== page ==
Design Requirements for RFID in Healthcare

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 It is a great time to be a radio frequency identification (RFID) solutions manufacturer.

This is particularly true in the healthcare sector. As an earlier blog highlighted, the global market for RFID healthcare solutions is projected to nearly quadruple by 2019. This includes the tracking of medical equipment and supplies.

As such, businesses that develop and manufacture RFID-dependent solutions for healthcare providers have excellent opportunities on the horizon. In order to best take advantage of this potential, companies need to recognize and adapt to the unique design requirements inherent to RFID devices.

RFID’s Healthcare Applications
First, let’s quickly review how RFID is being used in healthcare. The most common RFID application is for management assessment. Hospitals, along with clinics and other care providers, deploy RFID solutions to keep track of the vast numbers and varieties of supplies, such as medical equipment, crash carts, and more recently, pharmacy inventory. RFID is useful not only for reducing loss, but also increasing efficiency. This enables hospitals to immediately restock supplies when they are running low, which mitigates the chance of complications in the emergency room and elsewhere.

“Reliability is always going to be a priority for RFID devices.”

Additionally, healthcare organizations are attaching RFID chips to patient and personnel badges. This way, with an RFID reader, the care provider can remain aware of exactly who is in the facility and where they are at any given time.

Design Requirements
That established, how do these specific applications affect RFID design requirements? There are two key factors that every RFID device design needs to take into account.

This is by far the most important issue when it comes to RFID designs in the healthcare space. Obviously, reliability is always going to be a priority for RFID devices—or any other technology, really. But it is especially critical within the healthcare sector, given the life-critical nature of their operations.

Hospitals can use RFIDs to keep track of the number of units of a particular drug in the emergency room. When a drug runs low, the device can send out an alert, instructing the relevant personnel to replenish the supply. However, if the RFID is not sufficiently reliable, it might cease functioning without anyone noticing—until those drugs are needed but not available. For example, significant amounts of a given drug may be required in the emergency room. The ER staff may not spend their time checking on drug supplies if they know that there is an RFID device installed specifically to provide the necessary alerts. In this case, a reliable RFID could prevent a shortage of crucial medicine.

In the emergency room, reliability is always critical.In the emergency room, reliability is always critical.

Reliability is also incredibly important as it relates to the risk of fraud and theft. Many prescription drugs represent a tempting target for criminals, be they hospital employees or visitors. Consequently, healthcare providers need to closely keep track of the pharmaceuticals in their possession. The addition of RFID tracking will make it easy to identify missing products early on.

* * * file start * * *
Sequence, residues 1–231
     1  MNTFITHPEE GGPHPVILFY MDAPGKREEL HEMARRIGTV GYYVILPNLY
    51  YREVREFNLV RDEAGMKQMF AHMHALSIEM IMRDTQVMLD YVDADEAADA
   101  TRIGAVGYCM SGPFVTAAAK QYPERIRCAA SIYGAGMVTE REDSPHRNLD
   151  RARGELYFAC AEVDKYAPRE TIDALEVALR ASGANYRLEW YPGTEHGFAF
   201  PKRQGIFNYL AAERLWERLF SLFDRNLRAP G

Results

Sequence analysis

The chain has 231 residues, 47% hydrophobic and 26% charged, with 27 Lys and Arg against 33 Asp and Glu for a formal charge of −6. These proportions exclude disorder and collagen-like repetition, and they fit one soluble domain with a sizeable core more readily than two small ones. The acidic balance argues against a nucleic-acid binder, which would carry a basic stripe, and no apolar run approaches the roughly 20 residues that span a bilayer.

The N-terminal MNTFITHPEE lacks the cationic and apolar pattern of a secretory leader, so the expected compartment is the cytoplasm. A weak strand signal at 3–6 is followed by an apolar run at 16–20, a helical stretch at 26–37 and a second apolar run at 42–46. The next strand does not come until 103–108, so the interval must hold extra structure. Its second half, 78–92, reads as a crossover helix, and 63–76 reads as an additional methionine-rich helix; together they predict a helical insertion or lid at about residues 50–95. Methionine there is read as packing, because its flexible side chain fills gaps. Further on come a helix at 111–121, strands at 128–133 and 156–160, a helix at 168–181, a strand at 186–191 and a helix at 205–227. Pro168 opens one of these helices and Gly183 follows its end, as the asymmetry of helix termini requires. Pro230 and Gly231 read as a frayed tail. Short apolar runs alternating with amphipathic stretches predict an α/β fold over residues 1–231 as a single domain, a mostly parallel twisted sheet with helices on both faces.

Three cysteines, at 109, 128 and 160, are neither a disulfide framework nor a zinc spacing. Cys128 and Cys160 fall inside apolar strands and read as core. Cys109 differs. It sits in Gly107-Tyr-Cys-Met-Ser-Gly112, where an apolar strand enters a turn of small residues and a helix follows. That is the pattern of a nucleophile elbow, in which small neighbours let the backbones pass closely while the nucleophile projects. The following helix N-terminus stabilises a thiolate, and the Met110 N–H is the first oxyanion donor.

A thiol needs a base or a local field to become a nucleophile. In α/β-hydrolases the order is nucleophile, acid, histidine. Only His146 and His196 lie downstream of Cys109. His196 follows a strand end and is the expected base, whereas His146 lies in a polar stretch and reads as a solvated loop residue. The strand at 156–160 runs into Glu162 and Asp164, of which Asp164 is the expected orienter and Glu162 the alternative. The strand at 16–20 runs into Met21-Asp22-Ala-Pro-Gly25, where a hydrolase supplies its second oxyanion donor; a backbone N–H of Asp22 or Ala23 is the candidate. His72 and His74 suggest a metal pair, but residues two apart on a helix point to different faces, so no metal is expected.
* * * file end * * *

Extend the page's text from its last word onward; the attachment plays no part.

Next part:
The bottom line here is that hospitals, clinics, doctors’ offices, and other healthcare providers cannot afford even the possibility of failure when it comes to their RFID devices. Every design must make a point of emphasizing dependability. This demands the use of high-quality parts that can be fully trusted to remain operational for the entire product lifecycle.

Durability, like reliability, is important for RFID solutions, but is even more essential within the RFID healthcare applications.

Consider, for example, pharmaceutical drug tracking, as highlighted above. Many medications have limited shelf lives and need to be removed from inventory as soon as their expiration dates arrive. At the same time, those drugs will often move from one location to another, either between facilities or within a particular healthcare provider as items are pulled out of or put into storage.

This RFID device needs to be designed so that its components can withstand such treatment while continuing to function with perfect accuracy. Designs that do not offer that level of durability will not meet healthcare providers’ standards.

The Flex PCB Advantage
These priorities should guide every element of the RFID device design process. And while there are certainly many components to consider, one thing is clear: Flexible printed circuit boards are an ideal match. Flex PCBs are already becoming increasingly popular in the RFID use, as EDN noted. They are especially well-suited for healthcare devices, considering their reliability and durability, along with their small size and adaptability.

By choosing flex PCBs for their RFID designs, companies can go a long way toward ensuring their products meet the stringent standards established by hospitals and other healthcare providers.

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